When Medical Device Software Changes Warrant a new FDA 510(k)
US medical device market regulators have clarified their recommendations for when changes to software or firmware should prompt a manufacturer to file a new 510(k) premarket notification for a medical device.
New guidance from the US Food and Drug Administration regarding software changes was issued separately from guidance covering other changes to medical devices that require manufacturers to file new 510(k)s, reflecting the agency’s recognition of software’s more ubiquitous and complex role as a key component of device functionality.
Defining “software” in a medical device context
The FDA defines software in the context of the guidance as any set of electronic instructions that control the actions, input or output of a medical device. Softare that “is embedded within or permanently a component of a medical device...is an accessory to another medical device, or...that is intended to be used for one or more medical purposes that performs these purposes without being part of a hardware medical device” fall under the scope of the guidance, states the agency.
The guidance does not cover software such as some mobile medical applications for which the FDA does not plan to enforce regulatory controls, nor does it pertain to software lifecycle issues, 510(k) documentation requirements for software changes, or principles for medical device software validation, all of which are addressed in other guidances.
Software changes that do and do not require new 510(k)s
Included in the guidance is a flowchart intended to help manufacturers and developers determine which types of software changes mean new 510(k) filings and which do not.
Two major types of changes do not warrant new 510(k)s, according to the FDA:
- Changes made only to improve cybersecurity, with no other impact on the software or device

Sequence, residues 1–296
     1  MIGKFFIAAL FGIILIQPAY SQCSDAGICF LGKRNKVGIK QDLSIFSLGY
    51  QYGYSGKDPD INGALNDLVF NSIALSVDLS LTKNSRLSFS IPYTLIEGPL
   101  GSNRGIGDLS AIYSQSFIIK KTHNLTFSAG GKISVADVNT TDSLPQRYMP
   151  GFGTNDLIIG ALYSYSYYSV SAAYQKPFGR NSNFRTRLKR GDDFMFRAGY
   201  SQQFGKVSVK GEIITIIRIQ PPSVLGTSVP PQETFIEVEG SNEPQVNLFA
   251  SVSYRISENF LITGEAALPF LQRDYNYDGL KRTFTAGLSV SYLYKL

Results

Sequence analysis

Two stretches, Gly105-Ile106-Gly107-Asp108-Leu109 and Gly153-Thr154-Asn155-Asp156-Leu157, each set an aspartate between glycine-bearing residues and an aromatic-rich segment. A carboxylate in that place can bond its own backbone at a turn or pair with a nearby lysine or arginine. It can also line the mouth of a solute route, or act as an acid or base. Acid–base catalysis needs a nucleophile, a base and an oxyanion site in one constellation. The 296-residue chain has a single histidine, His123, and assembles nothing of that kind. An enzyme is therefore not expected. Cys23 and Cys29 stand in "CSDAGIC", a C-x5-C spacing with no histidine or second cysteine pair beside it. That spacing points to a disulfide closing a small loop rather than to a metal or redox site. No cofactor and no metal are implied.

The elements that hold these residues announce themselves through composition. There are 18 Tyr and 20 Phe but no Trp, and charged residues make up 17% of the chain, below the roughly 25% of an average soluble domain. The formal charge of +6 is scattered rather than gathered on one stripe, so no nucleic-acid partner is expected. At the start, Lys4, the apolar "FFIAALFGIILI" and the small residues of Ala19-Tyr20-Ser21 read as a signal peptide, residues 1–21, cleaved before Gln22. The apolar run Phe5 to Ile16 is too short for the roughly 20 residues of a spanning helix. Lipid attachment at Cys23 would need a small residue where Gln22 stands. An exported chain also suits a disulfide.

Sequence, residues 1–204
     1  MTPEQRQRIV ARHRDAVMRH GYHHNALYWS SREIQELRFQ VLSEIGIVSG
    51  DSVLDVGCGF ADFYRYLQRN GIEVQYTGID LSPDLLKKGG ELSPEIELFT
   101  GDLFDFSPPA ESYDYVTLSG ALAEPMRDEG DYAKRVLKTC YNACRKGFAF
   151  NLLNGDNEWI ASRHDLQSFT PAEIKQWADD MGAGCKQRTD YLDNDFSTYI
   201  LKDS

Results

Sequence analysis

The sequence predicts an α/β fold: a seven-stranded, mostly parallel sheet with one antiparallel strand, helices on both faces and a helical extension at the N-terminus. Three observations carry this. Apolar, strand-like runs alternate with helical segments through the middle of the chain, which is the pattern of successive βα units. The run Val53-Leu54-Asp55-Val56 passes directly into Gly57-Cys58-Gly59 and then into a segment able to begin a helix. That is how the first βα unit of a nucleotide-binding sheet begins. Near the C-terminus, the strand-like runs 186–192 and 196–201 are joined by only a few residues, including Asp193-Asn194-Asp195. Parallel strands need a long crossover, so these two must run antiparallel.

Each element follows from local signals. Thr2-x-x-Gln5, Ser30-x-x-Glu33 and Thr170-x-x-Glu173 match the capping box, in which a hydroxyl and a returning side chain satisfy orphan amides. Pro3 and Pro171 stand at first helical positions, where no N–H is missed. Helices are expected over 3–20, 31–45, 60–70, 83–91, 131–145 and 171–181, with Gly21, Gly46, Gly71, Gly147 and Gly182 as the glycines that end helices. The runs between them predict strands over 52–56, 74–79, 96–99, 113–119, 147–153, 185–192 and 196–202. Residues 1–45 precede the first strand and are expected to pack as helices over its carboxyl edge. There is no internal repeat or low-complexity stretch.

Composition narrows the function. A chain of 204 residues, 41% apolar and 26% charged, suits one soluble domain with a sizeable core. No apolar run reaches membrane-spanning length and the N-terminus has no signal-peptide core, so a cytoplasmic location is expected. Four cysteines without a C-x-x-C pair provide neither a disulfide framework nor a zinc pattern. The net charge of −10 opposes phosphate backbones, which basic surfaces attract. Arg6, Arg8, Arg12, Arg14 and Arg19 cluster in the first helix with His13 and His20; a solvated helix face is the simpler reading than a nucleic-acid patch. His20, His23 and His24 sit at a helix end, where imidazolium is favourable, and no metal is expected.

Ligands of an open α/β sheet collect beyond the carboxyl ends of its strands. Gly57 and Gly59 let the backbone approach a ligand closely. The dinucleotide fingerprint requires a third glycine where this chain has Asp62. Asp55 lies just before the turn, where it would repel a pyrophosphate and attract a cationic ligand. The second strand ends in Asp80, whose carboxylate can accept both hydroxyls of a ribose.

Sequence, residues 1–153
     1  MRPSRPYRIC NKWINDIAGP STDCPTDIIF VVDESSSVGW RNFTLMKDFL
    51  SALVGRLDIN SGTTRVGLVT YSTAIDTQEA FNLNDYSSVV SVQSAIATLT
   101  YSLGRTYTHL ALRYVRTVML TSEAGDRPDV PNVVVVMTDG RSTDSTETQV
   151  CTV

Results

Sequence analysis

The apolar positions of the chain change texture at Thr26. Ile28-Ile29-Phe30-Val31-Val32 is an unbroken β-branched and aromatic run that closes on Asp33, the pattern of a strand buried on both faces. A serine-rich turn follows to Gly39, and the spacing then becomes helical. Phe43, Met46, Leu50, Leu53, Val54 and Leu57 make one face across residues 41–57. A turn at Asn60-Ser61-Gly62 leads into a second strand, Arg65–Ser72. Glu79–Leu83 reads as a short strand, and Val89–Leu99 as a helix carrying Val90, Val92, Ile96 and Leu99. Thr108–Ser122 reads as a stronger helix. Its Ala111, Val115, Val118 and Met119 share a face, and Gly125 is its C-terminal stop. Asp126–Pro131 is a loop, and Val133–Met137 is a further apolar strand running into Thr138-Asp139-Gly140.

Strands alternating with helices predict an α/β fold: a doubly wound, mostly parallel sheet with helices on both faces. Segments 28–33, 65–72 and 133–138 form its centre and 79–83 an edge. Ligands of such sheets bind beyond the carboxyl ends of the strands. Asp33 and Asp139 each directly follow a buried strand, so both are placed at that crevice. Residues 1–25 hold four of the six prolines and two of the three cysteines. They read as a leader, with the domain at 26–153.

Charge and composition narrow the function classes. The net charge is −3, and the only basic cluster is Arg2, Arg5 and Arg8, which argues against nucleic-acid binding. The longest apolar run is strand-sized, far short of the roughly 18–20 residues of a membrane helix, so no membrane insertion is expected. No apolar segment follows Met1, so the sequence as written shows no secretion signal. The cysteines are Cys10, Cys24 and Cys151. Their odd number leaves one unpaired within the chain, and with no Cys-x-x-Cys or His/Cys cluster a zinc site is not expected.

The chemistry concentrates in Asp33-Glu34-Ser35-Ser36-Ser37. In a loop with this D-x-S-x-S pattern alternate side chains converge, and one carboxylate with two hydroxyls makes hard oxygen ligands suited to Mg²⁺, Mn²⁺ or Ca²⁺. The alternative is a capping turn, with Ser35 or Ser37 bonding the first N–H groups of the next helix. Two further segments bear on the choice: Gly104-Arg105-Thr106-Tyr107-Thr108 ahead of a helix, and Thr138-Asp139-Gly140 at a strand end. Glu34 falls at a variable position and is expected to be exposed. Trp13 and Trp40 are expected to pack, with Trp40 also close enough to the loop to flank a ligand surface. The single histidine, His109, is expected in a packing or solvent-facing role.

- Changes made only to return a device system into the specificatio of the most recently cleared version of the device
For such instances, the guidance recommends that registrants document these changes to their files.
The flowchart lists four major types of software changes, on the other hand, that usually do require new 510(k) filings:
- Changes that introduce new causes or modify existing causes of hazardous situations resulting in significant harm; this risk is not mitigated in most recently cleared version of the device
- Changes that directly introduce new hazardous situations resulting in significant harm; this risk is not mitigated in most recently cleared version of the device
- Changes that create or necessitate new risk control measures or modifications to existing risk control measures for hazardous situations that could result in significant harm
- Changes that significantly affect clinical functionality or performance associated with the device’s intended use
Software-specific guidance a welcome move from FDA
The fact that the FDA broke out software changes into a separate guidance from other device changes shows a better awareness on the agency’s part of issues particular to software products.
“The change cycle for software is much smaller than other changes like labeling or materials,” explains Richard Vincins, Vice President of Quality Assurance at Emergo. “This guidance is intended to support manufacturers when software changes are made, but still strongly advises the use of guiding principles and supporting justification for such changes.”